comScore

Caroline Smith and Lizzo at First Avenue, 9/26/14

itemprop

Caroline Smith and Lizzo
First Avenue, Minneapolis
Friday, September 26, 2014

Caroline Smith and Lizzo started their set on Friday night with "Let Em Say." It was a bold move, leading off with their new single and potential hit. It's a great pop song, funky and dynamic with the easy catchiness that drives repeat listens. A less confident act might have saved the track for a finale or encore. But it proved to be a great way to set the tone. Showcasing Lizzo and Smith in a jointly produced track highlighted the many things their sounds have in common -- namely, their high energy R&B vocal style -- that might not be immediately apparent to those who only know Lizzo as a rapper and only know Caroline Smith as an indie-folk singer. It also immediately made apparent what anyone who pays attention in the Twin Cities already knows: Caroline Smith and Lizzo run shit.

See Also: Slideshow: Lizzo and Caroline Smith Wow First Avenue

[jump]

Crowds at Mainroom shows for local acts tend to be very enthusiastic, but the fans who came out on Friday set a new standard in appreciation. It sounded like they wanted an encore after almost every song. Anticipation likely played a role -- Caroline Smith and Lizzo have been collaborators in the Twin Cities music scene for more than a year now. They've frequently shared the stage live, and influenced each others' work on record. But all of this cross-pollination didn't fully flower until very recently. Their first release as a duo, the Tickle Torture-produced "Let Em Say," has been out for a little over a month, and the Lake Street strolling video came out this weekend. And of course, this gig was their first as joint headliners. The fact that they were able to hold it at First Avenue, twice, and draw a full crowd both nights speaks to how brightly their stars shine together.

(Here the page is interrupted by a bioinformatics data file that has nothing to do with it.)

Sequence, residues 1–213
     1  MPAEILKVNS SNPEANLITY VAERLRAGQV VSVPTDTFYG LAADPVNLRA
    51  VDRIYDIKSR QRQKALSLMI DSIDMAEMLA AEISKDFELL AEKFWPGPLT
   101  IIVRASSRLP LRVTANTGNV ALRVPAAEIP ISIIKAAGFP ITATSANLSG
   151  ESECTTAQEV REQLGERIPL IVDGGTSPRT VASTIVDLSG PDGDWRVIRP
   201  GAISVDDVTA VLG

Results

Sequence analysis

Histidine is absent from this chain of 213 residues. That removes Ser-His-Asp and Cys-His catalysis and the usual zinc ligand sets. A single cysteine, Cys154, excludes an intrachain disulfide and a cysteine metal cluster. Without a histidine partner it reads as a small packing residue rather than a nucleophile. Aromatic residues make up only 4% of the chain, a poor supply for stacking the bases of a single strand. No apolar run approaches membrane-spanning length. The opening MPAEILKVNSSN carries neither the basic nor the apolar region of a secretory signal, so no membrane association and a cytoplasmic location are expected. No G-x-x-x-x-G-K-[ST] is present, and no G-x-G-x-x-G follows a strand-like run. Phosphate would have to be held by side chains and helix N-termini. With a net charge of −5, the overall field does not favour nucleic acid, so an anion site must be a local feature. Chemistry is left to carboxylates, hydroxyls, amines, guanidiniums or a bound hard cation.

Though they only have one song that they can jointly call their own -- and they opened the set with it -- Smith and Lizzo held together a two-hour set that could have easily become very disjointed. There were a few instances when the transition from a Lazerbeak-controlled heavy beat to a slow soul groove was slightly jarring, but they were the exception, not the rule. Each singer took turns singing backup for the other, and Lizzo contributed a verse to a few Caroline Smith tracks, notably "All That I Know Is (I'm Your Baby)." For one suite of songs in the middle of the set, the two artists, friends and birthday twins, sat on stools next to each other, bringing the focus to their pure, simple vocal power -- to the greatest effect on a duet of Smith's "Kind of Man." Whenever the two of them were on stage together, the chemistry was palpable.